This news is a little scary. But it’s important to put it in perspective by understanding the percentages and that the COVID vaccines do not claim 100% effectiveness. Of the over 76M people who have been fully vaccinated, 5,800 of those people have developed breakthrough cases of COVID-19. That number amounts to 0.008% of the vaccinated population. However, this is yet another argument that even with all the strides we have made in battling the virus, precautions such as masks and social distancing are still just as important as before. Please note that the CDC, who released this information, said these percentage numbers are in keeping with the patterns of vaccine characteristics.
The U.S. Centers for Disease Control and Prevention has identified around 5,800 confirmed cases of COVID-19 among people who were fully vaccinated, multiple outlets report.
Of the cases — which the CDC refers to as “breakthrough infections” — 396 developed severe COVID-19 illness that required hospitalization and 74 died from the virus, the CDC told CNN, adding that, “To date, no unexpected patterns have been identified in case demographics or vaccine characteristics.”
“Vaccine breakthrough infections were reported among all people of all ages eligible for vaccination. However, a little over 40 percent of the infections were in people 60 or more years of age,” the CDC added, per CNN.
The Wall Street Journal also reported the statistic, noting that the cases represented just a small fraction — 0.008% — of the fully vaccinated people in the country. The CDC defines fully vaccinated people as those who have received both doses of the Pfizer or Moderna vaccines or the one-dose Johnson & Johnson vaccine, and are two weeks past their second dose, when they should reach peak efficacy against COVID-19.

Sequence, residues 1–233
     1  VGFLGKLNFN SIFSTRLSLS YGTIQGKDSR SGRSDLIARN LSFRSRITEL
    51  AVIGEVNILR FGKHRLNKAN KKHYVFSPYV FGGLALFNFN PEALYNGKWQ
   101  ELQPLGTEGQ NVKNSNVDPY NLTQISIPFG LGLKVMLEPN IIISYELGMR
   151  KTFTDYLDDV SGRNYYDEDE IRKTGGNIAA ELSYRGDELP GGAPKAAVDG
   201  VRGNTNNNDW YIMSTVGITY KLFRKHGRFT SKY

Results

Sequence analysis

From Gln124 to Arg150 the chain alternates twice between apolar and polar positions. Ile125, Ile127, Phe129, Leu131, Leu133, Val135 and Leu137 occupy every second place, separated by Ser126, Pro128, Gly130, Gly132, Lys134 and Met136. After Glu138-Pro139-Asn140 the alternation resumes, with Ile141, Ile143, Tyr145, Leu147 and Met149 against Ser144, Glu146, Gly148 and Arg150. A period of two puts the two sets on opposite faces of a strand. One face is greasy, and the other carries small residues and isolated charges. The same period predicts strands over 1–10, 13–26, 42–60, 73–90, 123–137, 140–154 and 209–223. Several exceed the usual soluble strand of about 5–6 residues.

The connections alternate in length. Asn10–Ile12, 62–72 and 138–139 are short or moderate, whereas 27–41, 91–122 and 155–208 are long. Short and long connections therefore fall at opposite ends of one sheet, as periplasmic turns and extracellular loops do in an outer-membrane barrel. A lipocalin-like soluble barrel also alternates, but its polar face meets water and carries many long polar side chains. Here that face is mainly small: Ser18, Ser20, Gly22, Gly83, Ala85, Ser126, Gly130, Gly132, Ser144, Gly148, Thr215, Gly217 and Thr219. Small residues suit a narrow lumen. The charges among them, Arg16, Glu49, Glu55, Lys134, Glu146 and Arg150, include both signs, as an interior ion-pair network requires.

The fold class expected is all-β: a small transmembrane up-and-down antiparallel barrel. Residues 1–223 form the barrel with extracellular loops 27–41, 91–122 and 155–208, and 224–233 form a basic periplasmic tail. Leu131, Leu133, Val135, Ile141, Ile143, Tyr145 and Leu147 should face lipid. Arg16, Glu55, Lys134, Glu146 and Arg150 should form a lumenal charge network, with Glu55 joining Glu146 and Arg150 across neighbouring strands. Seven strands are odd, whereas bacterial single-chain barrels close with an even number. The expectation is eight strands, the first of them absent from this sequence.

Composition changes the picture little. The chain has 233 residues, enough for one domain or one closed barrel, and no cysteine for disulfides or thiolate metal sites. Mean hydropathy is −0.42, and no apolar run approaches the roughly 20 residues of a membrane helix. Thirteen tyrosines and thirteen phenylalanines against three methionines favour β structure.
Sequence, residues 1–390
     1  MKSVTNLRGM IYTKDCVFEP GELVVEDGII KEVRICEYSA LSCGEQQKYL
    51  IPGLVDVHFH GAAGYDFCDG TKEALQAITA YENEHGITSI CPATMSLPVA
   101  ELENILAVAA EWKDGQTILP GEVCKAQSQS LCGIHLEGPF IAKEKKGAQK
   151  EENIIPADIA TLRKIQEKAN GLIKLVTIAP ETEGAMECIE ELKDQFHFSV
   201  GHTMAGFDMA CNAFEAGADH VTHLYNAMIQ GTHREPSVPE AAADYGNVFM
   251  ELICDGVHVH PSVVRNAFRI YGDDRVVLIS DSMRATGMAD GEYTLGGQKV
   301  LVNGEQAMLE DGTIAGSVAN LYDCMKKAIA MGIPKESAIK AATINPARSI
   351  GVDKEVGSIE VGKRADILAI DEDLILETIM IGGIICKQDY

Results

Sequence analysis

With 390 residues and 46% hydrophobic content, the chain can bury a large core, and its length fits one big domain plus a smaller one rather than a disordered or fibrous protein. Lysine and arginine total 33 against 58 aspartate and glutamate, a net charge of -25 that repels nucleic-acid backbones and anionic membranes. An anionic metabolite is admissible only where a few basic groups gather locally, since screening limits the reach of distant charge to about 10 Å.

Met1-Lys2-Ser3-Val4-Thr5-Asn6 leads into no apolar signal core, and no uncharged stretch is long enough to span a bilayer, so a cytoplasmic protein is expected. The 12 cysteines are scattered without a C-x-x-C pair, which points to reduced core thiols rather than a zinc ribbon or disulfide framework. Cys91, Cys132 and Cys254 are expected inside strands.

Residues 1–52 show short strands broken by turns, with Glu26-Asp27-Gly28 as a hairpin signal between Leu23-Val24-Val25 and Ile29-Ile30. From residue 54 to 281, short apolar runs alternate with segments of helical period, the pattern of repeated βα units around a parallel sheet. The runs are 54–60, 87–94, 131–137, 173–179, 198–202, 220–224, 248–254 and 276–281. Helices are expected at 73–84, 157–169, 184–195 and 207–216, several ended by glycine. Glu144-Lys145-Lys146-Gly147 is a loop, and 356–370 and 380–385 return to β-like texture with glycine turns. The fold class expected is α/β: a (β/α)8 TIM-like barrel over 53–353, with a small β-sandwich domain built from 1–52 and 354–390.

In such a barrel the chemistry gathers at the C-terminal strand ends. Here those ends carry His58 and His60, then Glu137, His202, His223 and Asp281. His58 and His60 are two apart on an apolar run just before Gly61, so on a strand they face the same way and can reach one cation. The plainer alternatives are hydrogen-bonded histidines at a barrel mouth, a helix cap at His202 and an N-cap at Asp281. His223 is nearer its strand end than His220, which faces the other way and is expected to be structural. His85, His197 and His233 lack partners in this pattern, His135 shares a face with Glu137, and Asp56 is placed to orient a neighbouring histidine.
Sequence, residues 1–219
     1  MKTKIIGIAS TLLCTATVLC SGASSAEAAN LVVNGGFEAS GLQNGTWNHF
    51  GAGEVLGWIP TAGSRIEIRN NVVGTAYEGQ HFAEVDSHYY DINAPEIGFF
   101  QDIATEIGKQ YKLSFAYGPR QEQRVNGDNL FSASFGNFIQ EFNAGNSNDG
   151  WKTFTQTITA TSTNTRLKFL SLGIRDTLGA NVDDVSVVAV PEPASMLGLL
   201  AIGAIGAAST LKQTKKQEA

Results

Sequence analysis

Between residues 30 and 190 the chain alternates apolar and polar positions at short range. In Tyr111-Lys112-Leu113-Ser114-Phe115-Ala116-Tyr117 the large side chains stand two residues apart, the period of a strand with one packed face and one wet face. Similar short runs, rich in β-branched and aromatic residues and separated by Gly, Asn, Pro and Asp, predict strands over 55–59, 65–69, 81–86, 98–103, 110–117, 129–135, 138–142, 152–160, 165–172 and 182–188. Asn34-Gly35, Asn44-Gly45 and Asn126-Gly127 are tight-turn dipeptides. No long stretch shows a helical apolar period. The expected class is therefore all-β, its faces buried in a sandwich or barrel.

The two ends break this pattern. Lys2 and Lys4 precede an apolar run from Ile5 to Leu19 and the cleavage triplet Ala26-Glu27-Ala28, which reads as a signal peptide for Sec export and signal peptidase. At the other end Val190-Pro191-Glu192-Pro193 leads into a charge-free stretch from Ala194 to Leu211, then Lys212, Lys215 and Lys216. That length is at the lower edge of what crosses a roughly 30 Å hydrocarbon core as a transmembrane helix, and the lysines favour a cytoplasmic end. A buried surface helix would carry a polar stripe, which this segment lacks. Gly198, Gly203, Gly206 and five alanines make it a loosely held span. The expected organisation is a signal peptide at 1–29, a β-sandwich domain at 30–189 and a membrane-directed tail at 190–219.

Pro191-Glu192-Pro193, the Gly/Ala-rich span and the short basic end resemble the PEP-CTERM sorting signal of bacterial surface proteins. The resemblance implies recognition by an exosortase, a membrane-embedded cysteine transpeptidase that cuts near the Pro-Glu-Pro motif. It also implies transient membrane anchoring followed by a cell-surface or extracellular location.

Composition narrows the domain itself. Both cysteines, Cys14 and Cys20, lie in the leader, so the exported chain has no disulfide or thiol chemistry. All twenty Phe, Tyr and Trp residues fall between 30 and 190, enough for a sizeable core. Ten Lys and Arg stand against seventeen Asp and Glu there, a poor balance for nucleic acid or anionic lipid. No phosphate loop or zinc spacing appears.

So far, 76,681,252 people — about 23 percent of the total population — have been fully vaccinated against COVID-19 as of Thursday morning, and nearly 124 million have received their first dose, according to the CDC’s COVID data tracker.
The CDC reiterated that even after getting the vaccine, people should still practice social distancing and wear masks during the ongoing pandemic.
“Vaccine breakthrough infections make up a small percentage of people who are fully vaccinated,” the CDC told CNN. “CDC recommends that all eligible people get a COVID-19 vaccine as soon as one is available to them. CDC also continues to recommend people who have been fully vaccinated should keep taking precautions in public places, like wearing a mask, staying at least six feet apart from others, avoiding crowds and poorly ventilated spaces, and washing their hands often.”
Even though the numbers are very low, and in keeping with vaccination patterns, it’s still scary. I’m speaking for myself, but I’m so ready to jump to doom & gloom scenarios when it comes to COVID. So I need to focus on the science of it and the expected margins of error. But I feel terrible for those poor people who thought they were out of the woods, even if there were only a handful of them. This also reinforces what the CDC and Dr. Fauci have been saying that we really need to keep up precautions even though we have been fortunate to receive the vaccine. I know that right-wingers like to claim mask mandates and advising people to stay outdoors is tyranny, but it’s because we don’t have a 100% guarantee. It’s common sense to protect yourself, not an infringement of rights.
I got my first dose! I was scheduled for the end of the month at a location about an hour away from me, but the UCLA medical center right down the street had appointments open for Wednesday and I was able to get one after work. I wore a Dolly Parton ‘vaccine sweater’ too. My jabber guy was so excited with my easy access sleeve, he pointed it out to another nurse. My 16yo just became eligible in CA yesterday too. So we are one fully-vaxxed, one half-vaxxed, one scheduled-vaxxed and one non-vaxxed – like the worst Starbucks order ever. Still, none of us are ever without a mask, we keep our distance from anyone outside our bubble and stay away from crowds.
Photo credit: Lucrezia Carnelos on Unsplash, Anna Shvets, Thirdman and Samson Kat on Pexels
Source: Read Full Article